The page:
Why We Have Such a Love-Hate Relationship with Mirrorless Cameras


It’s odd how some ideas seem to cascade once our minds start churning.

I recently wrote about the weird fascination we have with constantly chasing the latest cameras and gear, where I investigated the uncanny rise of full-frame mirrorless cameras. And with the newly announced full-frame mirrorless offerings from Nikon’s (the Z6 and Z7) and Canon (the EOS R), the bell has been sounded for an all-out mirrorless war.

Which got me thinking. Why are we so fascinated by mirrorless camera technology?

Our love-hate relationship with mirrorless cameras is of special interest to me. I’m a card-carrying member of the Sony full-frame mirrorless photography club, and I’ve used an A7R MK1 as my main camera body for some years now.

Let’s look at what mirrorless camera technology gives us, and why the winds of mainstream personal and professional photography are gusting towards a predominantly mirrorless future.

Note: I’m not trying to promote one camera system over another. While I do most of my work with a mirrorless camera, I still use SLR (film and digital) bodies and large-format film cameras.

The Allure of Mirrorless Camera Tech

The concept of mirrorless cameras is nothing new. Mirrorless digital cameras with interchangeable lenses have been available commercially since 2004. That was the year Epson released the still cool (yes, really) R-D1, which incorporated a rangefinder design alongside a digital APS-C sensor. This camera was a bridge between the familiar 35mm rangefinder and the digital revolution that was soon to come.

But let’s back up just a second. What makes a mirrorless camera so appealing to the general shooter? For the most part, it’s the lack of a mirrored optical viewfinder (hence the name).


Traditional SLR cameras (both film and digital) use a mirror and pentaprism system to show what’s being seen through the lens. But while this system is ingenious, it does make the camera quite bulky.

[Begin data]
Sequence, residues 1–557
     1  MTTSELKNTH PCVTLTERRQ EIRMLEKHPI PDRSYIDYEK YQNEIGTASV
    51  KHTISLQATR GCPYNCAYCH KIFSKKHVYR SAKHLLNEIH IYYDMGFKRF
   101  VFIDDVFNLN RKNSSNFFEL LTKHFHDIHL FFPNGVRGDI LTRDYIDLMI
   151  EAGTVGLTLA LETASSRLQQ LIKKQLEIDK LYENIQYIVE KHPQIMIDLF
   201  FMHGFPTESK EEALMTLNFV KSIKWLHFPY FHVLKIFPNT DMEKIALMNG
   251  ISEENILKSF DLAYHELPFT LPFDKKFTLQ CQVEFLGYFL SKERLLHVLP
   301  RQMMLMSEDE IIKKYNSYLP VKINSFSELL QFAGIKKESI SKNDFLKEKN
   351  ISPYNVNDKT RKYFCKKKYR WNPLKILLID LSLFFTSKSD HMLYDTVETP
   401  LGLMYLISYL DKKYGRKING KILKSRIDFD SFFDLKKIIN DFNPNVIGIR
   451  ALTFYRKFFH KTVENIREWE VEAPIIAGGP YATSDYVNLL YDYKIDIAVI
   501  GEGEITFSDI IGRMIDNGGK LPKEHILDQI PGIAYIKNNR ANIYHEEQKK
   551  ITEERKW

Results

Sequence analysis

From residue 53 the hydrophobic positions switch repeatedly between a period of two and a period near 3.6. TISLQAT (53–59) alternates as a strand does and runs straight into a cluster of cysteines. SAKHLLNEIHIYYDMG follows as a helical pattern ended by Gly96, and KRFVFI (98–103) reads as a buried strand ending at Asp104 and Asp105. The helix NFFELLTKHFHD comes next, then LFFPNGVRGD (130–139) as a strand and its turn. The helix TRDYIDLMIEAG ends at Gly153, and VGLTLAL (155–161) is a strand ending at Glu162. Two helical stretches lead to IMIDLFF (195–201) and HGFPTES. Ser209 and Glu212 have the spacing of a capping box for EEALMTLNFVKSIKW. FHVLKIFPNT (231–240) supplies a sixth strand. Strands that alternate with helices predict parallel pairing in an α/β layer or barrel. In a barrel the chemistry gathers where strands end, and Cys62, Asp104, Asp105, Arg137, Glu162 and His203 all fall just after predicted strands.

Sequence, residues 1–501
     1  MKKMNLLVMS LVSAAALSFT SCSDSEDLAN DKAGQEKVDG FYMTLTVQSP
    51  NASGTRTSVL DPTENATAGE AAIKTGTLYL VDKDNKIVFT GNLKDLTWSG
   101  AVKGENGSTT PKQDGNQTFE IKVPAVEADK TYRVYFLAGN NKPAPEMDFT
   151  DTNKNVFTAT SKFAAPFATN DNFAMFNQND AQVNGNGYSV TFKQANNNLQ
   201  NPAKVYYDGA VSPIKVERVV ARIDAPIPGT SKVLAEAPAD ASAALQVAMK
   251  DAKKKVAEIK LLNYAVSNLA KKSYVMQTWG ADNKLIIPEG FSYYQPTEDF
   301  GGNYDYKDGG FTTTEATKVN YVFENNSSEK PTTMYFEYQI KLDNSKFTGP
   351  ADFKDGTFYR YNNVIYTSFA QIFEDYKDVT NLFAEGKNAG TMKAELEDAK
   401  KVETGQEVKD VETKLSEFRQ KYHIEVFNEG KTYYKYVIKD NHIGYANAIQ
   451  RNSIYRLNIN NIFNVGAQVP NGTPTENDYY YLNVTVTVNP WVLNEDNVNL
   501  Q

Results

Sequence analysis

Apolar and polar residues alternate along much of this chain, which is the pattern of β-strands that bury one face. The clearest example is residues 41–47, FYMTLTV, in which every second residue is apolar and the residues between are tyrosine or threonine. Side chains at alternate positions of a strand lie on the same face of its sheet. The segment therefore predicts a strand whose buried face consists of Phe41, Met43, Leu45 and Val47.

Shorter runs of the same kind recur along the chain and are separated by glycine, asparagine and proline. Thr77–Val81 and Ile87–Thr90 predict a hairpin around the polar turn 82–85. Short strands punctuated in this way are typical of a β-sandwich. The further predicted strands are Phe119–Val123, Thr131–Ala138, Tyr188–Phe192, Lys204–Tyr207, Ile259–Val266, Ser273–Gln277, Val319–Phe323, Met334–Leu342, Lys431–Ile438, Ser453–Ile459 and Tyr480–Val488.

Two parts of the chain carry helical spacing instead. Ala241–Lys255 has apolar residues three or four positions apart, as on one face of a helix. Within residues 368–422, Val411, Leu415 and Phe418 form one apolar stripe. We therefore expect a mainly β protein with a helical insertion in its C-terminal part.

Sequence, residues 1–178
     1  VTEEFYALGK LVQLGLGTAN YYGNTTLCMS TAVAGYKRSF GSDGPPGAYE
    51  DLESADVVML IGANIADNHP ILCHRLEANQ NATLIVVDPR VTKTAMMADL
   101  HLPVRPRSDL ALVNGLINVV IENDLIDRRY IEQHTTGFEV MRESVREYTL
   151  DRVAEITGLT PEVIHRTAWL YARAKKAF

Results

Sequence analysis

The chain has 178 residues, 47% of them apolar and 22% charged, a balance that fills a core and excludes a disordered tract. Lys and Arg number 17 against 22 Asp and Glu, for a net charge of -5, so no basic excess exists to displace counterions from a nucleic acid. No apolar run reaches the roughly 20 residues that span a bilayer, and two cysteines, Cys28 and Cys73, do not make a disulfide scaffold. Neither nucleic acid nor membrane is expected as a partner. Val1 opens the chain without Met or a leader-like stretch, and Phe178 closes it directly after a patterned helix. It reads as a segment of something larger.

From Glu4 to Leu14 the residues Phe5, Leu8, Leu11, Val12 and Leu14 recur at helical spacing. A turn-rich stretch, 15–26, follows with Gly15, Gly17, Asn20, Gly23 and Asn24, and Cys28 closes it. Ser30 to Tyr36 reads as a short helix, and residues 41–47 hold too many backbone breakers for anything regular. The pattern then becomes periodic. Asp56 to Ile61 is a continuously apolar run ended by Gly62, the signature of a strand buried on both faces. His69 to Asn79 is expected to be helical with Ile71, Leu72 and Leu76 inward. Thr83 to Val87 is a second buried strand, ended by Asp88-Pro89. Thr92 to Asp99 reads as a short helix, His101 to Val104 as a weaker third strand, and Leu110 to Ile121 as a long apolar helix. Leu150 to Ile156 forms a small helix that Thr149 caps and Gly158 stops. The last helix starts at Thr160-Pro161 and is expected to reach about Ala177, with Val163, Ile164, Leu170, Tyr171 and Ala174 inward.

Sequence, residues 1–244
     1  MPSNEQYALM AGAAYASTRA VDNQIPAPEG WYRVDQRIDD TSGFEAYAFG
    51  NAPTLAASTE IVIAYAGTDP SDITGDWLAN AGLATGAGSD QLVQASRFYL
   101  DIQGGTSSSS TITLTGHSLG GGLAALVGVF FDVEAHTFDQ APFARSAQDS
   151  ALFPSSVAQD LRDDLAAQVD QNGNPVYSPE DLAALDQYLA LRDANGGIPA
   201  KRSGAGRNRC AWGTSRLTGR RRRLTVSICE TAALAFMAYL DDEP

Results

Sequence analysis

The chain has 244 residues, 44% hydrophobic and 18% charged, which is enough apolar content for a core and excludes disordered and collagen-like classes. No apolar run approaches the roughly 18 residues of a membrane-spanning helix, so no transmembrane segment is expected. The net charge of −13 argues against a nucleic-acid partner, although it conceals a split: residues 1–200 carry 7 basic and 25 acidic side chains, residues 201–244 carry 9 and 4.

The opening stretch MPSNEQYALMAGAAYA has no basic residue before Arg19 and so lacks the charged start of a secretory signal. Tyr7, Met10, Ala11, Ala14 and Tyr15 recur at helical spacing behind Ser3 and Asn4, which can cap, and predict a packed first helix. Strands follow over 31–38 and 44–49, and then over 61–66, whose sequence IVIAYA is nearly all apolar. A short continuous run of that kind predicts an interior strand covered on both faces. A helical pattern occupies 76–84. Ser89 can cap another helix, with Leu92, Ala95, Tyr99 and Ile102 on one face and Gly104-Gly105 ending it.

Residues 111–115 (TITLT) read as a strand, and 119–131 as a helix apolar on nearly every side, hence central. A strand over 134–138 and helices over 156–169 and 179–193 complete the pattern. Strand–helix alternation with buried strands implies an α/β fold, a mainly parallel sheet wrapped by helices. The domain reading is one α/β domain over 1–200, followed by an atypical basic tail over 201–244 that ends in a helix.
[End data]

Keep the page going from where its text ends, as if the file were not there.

Mirrorless digital cameras do away with this system, relying on the digital sensor itself to show what’s going in front of the camera using an electronic viewfinder (EVF), an LCD screen, or a combination of the two. (Think of this as a constant “live view”.) This means mirrorless digital cameras can be inherently smaller than most DSLR camera bodies.

The Sony A7R MK1 (left) and the Canon 7D MK1 (bodies only).

And whenever something becomes smaller, it usually becomes more comfortable and practical.

Resolution for Days

Let’s briefly talk about the game-changing event in 2013, when Sony released the ILCE7 and ILCE7R (commonly known as the Sony A7 and Sony A7R respectively). These two cameras took what most hobby and professional photographers thought was possible from a compact digital camera and threw it out the proverbial window.

The A7 and A7R were the first full-frame mirrorless cameras, each packing pro-grade DSLR performance into a hand little camera body. They could even be mated to whatever lenses the photographer was using at the time (with the appropriate lens adapters). The A7 sported a 24.3 megapixel sensor, while the A7R floored us with a sensor packing 36.4 megapixels.

This meant ultra-high resolution, enhanced low-light performance and full-frame bokeh cream could be achieved with a mirrorless camera while keeping weight and physical size to a minimum. The fact the price was comparable to other full-frame DSLR cameras at the time led to a mass exodus as camera jockeys (including me) handed in their DSLR for these new, more wieldable mirrorless cameras that could match their current setups.

The Good, the Bad, and the Mirrorless

But it’s not all butterflies and rainbows in the mirrorless camera world. Some of the benefits of digital mirrorless cameras are also their Achilles heel.